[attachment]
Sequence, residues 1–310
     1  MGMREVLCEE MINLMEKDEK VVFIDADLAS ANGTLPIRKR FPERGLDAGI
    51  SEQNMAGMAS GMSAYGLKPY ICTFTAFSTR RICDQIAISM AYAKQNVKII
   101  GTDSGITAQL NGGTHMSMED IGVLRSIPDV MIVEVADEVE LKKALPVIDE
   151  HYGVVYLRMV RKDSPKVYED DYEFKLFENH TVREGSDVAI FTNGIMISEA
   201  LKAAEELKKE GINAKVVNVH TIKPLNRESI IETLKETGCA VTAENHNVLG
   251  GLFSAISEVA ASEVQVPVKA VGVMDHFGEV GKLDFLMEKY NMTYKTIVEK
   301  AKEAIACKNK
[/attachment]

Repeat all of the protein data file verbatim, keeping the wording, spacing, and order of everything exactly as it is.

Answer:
Sequence, residues 1–310
     1  MGMREVLCEE MINLMEKDEK VVFIDADLAS ANGTLPIRKR FPERGLDAGI
    51  SEQNMAGMAS GMSAYGLKPY ICTFTAFSTR RICDQIAISM AYAKQNVKII
   101  GTDSGITAQL NGGTHMSMED IGVLRSIPDV MIVEVADEVE LKKALPVIDE
   151  HYGVVYLRMV RKDSPKVYED DYEFKLFENH TVREGSDVAI FTNGIMISEA
   201  LKAAEELKKE GINAKVVNVH TIKPLNRESI IETLKETGCA VTAENHNVLG
   251  GLFSAISEVA ASEVQVPVKA VGVMDHFGEV GKLDFLMEKY NMTYKTIVEK
   301  AKEAIACKNK